GI and Liver Diseases Medical and Surgical Research
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Genetic variation linked to drug-induced liver damage in some patients


Scientists including Professor Guruprasad Aithal and Dr Jane Grove in the School of Medicine Nottingham Digestive Diseases Centre have discovered a genetic variation that may identify patients with a higher risk of liver damage associated with a range of commonly-prescribed medications.

The study, published in the journal Gastroenterology, has been led by academics at the universities of Nottingham and Newcastle in collaboration with a group of scientists in the US.

The results could lead to new advances in patient care, where doctors could tailor drug prescription to an individual based on their genetic make-up to reduce the risk of liver injury in the future.

Professor Guruprasad Aithal, of the University of Nottingham’s School of Medicine, is Head of the National Institute of Health Research (NIHR) Nottingham Digestive Diseases Biomedical Research Unit and was co-lead investigator on the study.

He said: “This work gives us a better understanding of how individuals’ genetic background influences their susceptibility to adverse reactions leading to liver injury.

“This information may help us to identify those who are at risk and eventually help to develop safer medications in the future.”

Most medicines given to patients to treat or prevent disorders will have a long list of potential side effects, while in reality less than one in 100 people who are taking the medication will suffer a bad reaction.

However, it can be unpredictable and difficult to identify those patients who are likely to be affected and these adverse reactions can occasionally lead to drug-induced liver injury. In the UK, around one in 10 acute liver failures are the result of damage caused by medication.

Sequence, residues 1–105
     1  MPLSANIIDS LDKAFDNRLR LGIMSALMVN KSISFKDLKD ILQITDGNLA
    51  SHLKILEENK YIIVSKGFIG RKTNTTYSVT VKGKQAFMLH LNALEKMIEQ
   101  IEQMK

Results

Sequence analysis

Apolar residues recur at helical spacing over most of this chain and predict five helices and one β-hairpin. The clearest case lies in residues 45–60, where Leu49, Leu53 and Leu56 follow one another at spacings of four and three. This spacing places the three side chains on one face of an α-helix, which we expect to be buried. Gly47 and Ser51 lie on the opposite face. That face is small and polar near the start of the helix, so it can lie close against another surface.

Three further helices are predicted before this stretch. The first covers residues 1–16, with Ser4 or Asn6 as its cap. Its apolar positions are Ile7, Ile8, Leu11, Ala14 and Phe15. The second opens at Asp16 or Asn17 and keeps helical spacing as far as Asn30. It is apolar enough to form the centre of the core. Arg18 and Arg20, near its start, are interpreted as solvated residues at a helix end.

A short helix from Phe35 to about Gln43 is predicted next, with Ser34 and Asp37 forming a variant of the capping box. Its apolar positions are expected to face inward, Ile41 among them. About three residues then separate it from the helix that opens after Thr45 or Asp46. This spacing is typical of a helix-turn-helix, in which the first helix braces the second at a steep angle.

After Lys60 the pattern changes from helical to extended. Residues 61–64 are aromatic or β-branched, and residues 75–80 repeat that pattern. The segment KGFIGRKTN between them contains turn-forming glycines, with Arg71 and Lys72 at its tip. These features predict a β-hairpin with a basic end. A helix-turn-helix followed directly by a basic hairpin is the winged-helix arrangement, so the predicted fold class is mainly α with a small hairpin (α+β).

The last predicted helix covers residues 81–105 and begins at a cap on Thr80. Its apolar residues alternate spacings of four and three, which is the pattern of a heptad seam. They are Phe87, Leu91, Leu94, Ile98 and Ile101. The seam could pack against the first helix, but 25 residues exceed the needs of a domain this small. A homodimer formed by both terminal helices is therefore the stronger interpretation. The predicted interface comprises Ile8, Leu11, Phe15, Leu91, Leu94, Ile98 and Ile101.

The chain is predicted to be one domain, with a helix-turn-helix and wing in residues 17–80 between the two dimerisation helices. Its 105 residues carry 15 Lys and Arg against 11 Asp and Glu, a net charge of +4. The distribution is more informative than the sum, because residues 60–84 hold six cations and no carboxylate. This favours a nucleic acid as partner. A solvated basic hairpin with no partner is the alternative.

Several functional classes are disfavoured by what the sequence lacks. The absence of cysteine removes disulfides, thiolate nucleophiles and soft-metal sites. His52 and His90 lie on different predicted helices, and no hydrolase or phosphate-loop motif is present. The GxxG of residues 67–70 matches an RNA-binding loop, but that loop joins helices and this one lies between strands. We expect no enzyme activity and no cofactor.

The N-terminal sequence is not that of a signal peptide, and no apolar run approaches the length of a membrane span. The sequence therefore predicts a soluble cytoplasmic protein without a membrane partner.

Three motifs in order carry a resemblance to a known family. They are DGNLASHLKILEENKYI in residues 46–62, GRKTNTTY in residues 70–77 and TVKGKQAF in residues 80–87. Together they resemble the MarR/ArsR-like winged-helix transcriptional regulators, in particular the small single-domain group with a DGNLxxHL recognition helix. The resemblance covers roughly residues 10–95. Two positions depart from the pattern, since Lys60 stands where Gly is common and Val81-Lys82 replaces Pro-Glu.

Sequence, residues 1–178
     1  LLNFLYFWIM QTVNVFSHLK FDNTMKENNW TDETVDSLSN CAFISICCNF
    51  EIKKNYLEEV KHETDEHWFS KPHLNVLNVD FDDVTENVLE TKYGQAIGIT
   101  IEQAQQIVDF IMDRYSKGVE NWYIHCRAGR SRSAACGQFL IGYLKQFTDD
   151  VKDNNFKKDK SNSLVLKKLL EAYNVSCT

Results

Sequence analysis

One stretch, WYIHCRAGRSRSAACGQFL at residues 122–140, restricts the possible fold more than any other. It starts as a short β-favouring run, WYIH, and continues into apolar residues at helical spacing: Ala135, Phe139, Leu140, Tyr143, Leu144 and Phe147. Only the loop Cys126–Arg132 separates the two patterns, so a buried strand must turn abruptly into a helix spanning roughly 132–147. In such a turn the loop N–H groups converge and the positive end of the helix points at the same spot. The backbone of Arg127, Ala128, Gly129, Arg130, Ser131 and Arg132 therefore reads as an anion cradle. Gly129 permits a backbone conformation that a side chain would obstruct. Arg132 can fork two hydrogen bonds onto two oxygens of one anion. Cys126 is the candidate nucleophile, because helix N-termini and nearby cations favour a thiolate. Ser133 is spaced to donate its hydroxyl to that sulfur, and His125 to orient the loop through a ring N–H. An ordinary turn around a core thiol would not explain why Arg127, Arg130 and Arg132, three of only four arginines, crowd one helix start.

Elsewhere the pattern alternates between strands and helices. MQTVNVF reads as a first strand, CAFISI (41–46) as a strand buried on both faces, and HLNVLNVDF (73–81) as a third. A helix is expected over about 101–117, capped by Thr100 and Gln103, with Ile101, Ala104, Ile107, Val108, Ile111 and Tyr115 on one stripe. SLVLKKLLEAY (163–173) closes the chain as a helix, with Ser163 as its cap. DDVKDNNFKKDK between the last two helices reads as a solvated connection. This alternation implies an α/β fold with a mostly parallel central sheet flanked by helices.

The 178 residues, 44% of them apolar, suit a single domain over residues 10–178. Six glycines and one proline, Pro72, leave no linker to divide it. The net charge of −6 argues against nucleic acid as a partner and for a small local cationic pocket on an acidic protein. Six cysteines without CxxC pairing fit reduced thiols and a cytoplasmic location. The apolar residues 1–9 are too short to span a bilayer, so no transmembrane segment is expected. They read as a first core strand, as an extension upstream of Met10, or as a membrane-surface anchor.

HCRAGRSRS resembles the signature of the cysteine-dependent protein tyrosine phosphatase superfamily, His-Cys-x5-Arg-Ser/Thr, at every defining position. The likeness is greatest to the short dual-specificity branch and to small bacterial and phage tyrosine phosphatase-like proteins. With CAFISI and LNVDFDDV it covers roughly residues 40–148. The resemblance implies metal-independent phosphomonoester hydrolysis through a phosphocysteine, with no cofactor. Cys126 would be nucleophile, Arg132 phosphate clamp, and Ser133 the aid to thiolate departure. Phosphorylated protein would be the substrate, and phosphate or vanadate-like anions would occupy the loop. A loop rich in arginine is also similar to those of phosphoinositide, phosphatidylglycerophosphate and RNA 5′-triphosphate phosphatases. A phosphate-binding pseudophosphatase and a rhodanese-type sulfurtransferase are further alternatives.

The study team led a worldwide collaboration aimed at shedding more light on why some patients are more likely to be affected than others.

They analysed the genes in 862 patients who had experienced a severe liver injury in response to taking a range of commonly taken drugs which are generally considered to be safe treatments including blood thinners, anti-fungal medication, medicines to treat high blood pressure and high cholesterol and antibiotics.

These were compared to those in healthy individuals – this is known as a genome-wide association study (GWAS). The occurrence of genetic variations – or differences in DNA – at more than 50,000 DNA bases in the genetic makeup were compared in the two groups to identify variants which may increase the risk of drug-induced liver damage.

One such variant was found in the HLA A gene. When functioning normally it plays an important role in the immune system, protecting the body from harmful agents. But in patients with an uncommon variation in this gene – HLA A*33:01 - it may instead cause a rogue immune response to a variety of common medication, leading to liver damage.

The identification of a genetic risk factor may lead to the development of new tests to help doctors predict which patients are more likely to have a bad reaction to medications that may lead to liver damage.

It may also be possible to tailor drug prescriptions for individuals based on their genetic make-up to avoid medications with known side effects that are likely to badly impact on their health.

The paper Association of Liver Injury from Specific Drugs or Groups of Drugs with Polymorphisms in HLA and Other Genes in a Genome-wide Association Study is published in the journal Gastroenterology.

The NIHR Nottingham Digestive Diseases Biomedical Research Unit is a partnership between The University of Nottingham and Nottingham University Hospitals NHS Trust.

Posted on Tuesday 21st February 2017

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